What I think isn't appreciated enough by the developers is the "change fatigue" caused by their drastic errata process. Every time you need to relearn which bits of a book were actually good enough to use leads to change fatigue. Every time your physical book becomes tragically outdated because a significant chunk of the stuff that's good and useful will change in the next printing.

Let's just say that Paizo did start to put internally driven changes into the FAQ to the point that the only thing new in an errata would be grammar issues. Don't you think that this would drive just as much fatigue?

Now rather than one big adjustment process, you are always having to check the FAQ for stealth FAQs. They change one item that effects your character and just when you are used to that change they do change something else. Then they decide after much uproar that maybe that change was too much and so they change it to something in the middle. And every time this happens, PFS rules change and poor John has to make a post regarding how you can sell back your items and rebuild your character.

In an ideal world, no errata would be necessary.

However, at the moment we have a couple of systems:

1. FAQs - these are split between Rules Clarifications, and stealth errata. There are a couple of cases where poorly thought out clarifications (often phrased as a certain interpretation rather than an overt errata) resulted in undesirable unforeseen consequences. An example of this would be the SLA ruling that was used for early entry into prestige classes.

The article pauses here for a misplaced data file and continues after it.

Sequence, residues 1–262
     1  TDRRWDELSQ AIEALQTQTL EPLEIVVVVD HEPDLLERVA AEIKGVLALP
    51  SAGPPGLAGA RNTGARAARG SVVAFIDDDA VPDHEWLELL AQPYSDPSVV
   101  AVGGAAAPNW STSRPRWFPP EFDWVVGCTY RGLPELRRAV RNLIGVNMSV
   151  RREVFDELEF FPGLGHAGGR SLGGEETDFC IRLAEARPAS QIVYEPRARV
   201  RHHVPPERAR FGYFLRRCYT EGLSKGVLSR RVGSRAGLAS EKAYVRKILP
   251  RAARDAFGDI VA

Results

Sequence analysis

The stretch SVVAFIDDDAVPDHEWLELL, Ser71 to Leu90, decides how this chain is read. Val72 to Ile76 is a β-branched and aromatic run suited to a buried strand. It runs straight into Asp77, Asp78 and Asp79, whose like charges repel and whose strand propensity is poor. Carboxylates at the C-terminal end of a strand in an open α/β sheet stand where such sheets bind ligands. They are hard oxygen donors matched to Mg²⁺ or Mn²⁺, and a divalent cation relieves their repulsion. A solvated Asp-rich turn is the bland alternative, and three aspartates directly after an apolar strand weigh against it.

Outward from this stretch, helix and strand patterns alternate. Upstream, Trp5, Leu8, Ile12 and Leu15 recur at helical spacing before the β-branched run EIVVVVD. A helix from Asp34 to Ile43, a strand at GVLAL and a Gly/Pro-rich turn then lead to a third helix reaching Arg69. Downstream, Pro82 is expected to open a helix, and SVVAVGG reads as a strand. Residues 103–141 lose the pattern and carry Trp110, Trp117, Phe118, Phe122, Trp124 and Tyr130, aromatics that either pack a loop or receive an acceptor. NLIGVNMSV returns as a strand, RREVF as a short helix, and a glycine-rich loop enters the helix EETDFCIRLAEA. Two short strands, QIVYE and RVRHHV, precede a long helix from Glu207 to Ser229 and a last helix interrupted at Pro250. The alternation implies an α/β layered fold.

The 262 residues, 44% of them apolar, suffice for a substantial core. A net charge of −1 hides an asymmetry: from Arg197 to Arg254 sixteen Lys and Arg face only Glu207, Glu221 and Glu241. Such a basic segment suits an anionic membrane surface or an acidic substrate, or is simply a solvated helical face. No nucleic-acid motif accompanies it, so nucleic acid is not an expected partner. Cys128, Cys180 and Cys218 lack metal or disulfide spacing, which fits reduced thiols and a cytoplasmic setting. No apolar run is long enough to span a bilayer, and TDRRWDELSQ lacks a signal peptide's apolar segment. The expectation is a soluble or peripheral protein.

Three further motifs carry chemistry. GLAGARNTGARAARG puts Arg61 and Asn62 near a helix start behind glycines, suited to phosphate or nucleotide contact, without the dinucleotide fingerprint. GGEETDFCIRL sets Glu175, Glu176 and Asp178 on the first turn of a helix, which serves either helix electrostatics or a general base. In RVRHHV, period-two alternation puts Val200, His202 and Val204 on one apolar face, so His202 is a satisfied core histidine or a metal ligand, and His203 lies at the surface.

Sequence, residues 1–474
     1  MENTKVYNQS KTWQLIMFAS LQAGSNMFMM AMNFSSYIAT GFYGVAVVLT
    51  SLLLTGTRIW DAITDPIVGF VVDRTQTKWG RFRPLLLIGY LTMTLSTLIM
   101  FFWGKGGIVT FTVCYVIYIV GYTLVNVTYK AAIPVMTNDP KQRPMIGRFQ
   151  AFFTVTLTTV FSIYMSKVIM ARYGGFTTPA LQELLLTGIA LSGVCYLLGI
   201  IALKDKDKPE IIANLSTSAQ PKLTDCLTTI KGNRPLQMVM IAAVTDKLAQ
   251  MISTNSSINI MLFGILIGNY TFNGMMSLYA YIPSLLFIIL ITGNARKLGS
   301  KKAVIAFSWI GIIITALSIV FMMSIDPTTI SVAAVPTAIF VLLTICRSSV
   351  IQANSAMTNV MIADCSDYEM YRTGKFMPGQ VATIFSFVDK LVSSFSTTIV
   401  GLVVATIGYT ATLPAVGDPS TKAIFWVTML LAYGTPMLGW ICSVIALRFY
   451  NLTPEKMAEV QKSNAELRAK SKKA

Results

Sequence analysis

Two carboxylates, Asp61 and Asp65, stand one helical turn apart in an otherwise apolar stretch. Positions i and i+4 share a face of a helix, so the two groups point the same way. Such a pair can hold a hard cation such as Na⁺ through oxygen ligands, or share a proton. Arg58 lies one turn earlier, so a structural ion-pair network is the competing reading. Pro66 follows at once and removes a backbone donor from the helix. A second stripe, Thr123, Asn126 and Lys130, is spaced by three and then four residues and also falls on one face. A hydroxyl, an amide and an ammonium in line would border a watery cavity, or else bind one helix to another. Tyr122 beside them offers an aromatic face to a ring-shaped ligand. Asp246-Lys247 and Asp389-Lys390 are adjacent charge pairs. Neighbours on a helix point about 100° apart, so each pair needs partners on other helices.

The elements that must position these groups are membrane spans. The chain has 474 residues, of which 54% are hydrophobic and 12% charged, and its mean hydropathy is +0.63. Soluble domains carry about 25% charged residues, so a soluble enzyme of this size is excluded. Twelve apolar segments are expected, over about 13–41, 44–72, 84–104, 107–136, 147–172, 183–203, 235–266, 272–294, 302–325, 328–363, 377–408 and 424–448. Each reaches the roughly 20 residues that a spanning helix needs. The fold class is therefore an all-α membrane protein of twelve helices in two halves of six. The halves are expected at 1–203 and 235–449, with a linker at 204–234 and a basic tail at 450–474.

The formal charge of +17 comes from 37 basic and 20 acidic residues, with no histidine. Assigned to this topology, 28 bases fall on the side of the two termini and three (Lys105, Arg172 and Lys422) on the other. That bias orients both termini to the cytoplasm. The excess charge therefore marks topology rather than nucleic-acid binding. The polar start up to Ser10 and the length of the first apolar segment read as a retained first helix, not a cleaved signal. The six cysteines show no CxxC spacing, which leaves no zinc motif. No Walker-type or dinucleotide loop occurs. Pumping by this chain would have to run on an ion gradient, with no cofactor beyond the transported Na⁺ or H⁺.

2. Errata - these only get released when a new printing of a book is released, sentencing much of the Pathfinder Chronicle and Companion line to never receiving the errata it deserves. In addition, because it is set in stone when it is printed, Paizo tend to be very conservative about it. An example here would be the Bracers of Falcon's Aim, which was nerfed into uselessness.

The issue is that when an FAQ comes out, it still causes issues - sometimes it's unclear as to whether it was an actual rule change or not. Indeed, they are often worded as a "this is how it's always been interpreted" rather than a "this was printed incorrectly; it should have been different". Compare and contrast the SLA ruling with the Ring of Continuity FAQ-based stealth errata.

It is better to acknowledge that what is being done is errata, and mark it as such. I shouldn't need to refer to the FAQ to know what the rules are.

Community / Forums / Paizo / General Discussion / On FAQs and Errata - please change your policy! All Messageboards

Want to post a reply? Sign in.
Recent threads in General Discussion